Aged 31, Londoner Daphne is single, living alone and working in a restaurant. Placated by alcohol and casual drug-taking, she is skimming through life. Daphne may exude a cooler-than-thou attitude, but behind the persona, is a girl who wants more.
Daphne is showing in the cinema from 24 – 30 November. Helen Tope Reviews:
The tedium of Daphne’s life is broken when she walks into a corner shop to buy cigarettes. As she stands at the counter, a man on a motorbike pulls up outside. With the engine still running, he bursts into the shop, demanding money from the owner, and becomes violent.
After witnessing this horrific crime, Daphne receives a message from Victim Support, offering her counselling. She ignores the message and goes to work instead.
In trying to pick up where she left off, Daphne (played by Emily Beecham) struggles to cope with the pretence. She begins to unravel, her work begins to deteriorate, and the few relationships she maintains, are kept at arm’s length. Drugs and alcohol become a more prominent feature, as Daphne’s behaviour becomes increasingly erratic.
Daphne’s attempt to self-medicate fails miserably. With little left to lose, Daphne takes up the offer of counselling. We learn that she doesn’t even know if the shop-keeper survived the stabbing. The counsellor advises her to find out.
A skillful piece of film-making, Daphne’s power lies in the building up of small moments; the asides, the glances, the near-misses. The way the film pieces the narrative together is not only confident, but assured. In a scene with her therapist, Daphne is told that emotions needn’t be ‘operatic’ to be important, and it is this credo that defines the film.
Director Peter Mackie Burns creates Daphne’s inner world with detail. The stern, unyielding row of spikes decorating the town-house Daphne leaves after an encounter; the aerial shots, showing Daphne weaving in and out of traffic. Sound plays a huge role in this film, with the revving of a motorbike dotted throughout, like a haunting refrain. It, like the circle of events that crowd Daphne’s mind, is never too far away.
The same device is employed with the dialogue. After the incident, Daphne’s patter turns brittle and staccato. The word ‘stab’ appears and reappears, leaping out of her sentences, a red flag, waving for help.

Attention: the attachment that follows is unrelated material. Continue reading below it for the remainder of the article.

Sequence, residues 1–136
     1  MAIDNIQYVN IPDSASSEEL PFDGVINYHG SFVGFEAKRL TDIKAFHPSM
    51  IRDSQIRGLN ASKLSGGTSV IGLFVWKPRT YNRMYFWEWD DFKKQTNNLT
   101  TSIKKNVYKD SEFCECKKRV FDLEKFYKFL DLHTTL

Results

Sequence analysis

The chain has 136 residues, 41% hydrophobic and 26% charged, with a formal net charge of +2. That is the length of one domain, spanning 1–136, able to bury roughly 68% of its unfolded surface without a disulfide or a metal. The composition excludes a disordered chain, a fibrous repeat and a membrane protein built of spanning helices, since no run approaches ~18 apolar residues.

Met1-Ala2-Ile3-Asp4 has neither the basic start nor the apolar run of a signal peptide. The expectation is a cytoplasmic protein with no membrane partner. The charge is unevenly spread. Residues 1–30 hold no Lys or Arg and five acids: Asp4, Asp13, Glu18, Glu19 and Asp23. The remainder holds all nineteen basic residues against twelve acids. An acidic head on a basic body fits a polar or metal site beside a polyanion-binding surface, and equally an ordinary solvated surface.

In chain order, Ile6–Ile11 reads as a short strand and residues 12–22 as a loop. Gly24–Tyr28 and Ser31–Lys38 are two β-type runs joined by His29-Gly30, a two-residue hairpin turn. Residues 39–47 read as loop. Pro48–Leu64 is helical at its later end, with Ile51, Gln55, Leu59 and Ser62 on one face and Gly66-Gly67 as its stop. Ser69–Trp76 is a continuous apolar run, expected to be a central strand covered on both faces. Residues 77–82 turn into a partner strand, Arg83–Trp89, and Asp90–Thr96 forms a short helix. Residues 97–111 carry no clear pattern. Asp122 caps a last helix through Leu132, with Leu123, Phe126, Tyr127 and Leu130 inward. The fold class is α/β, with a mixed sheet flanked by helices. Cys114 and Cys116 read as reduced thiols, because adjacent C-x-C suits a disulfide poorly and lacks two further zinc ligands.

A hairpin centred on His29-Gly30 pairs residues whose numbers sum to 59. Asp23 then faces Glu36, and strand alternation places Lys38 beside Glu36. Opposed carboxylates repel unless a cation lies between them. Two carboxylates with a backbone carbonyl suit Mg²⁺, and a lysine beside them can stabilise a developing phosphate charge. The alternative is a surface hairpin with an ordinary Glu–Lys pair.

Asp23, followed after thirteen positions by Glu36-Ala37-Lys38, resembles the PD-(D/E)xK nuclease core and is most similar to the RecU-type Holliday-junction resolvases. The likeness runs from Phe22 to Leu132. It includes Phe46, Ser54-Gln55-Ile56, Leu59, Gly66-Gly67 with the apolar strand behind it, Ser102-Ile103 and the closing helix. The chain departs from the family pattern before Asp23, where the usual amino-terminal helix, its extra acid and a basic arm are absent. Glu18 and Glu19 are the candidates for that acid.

As a study of trauma, and the damage it can do, Daphne excels. The incident seeps into Daphne’s psyche, layer by layer, like an untreated burn. Left alone, it just goes deeper and deeper.
For a film that sidesteps the bells and whistles, Daphne is psychologically astute and profound. But where the film branches off in its own direction, is in its refusal to play big with those emotions. Everything is understated; the devastation Daphne feels is all too clear, but not for show. Her upended life is not entertainment; the film in parts almost feels like a documentary. We are watching the healing of a young woman, but nothing is guaranteed: it is a delicate process. Her unsteady progress makes us root for Daphne all the more, giving the final scenes an extraordinary poignancy.
Every aspect of this film is beautifully judged; the dialogue, the pacing. Nothing is ever leaned on too heavily. The director applies the lightest touch, creating a film of real subtlety and sophistication. But more than that, Daphne makes us care about the fate of its characters.
Daphne separates itself from the big-hitters by refusing to press our buttons. It allows us to become emotionally invested, but does not insist upon it. The exploration of trauma is not a new subject, but in the treatment of how Daphne’s life implodes, this film makes you question why we need scenes of explosive emotion, when this approach is so much more effective.
With Oscar nominations coming out in January, Daphne raises interesting questions about what constitutes an award-winner. Oscar-worthy films have, by tradition, been big hitters. Big emotions and big performances for the big screen. Even with low-key films, such as last year’s Manchester By The Sea, we still have moments of breakdown; emotions writ large.
In Daphne, not a tear is shed by its heroine, but Beecham still delivers a performance of great depth and complexity. Daphne may be about the avoidance of emotion, but it is seen and felt in every moment. It doesn’t need to coax empathy from its audience, because it recognises that it is already there.
To look beyond the alienation of modern life and see something universal takes courage. It is easy to be cynical, but as Daphne learns, being vulnerable yields its own power. A brave film in every respect, Daphne offers a new way of telling an old story, and that achievement deserves to be recognised.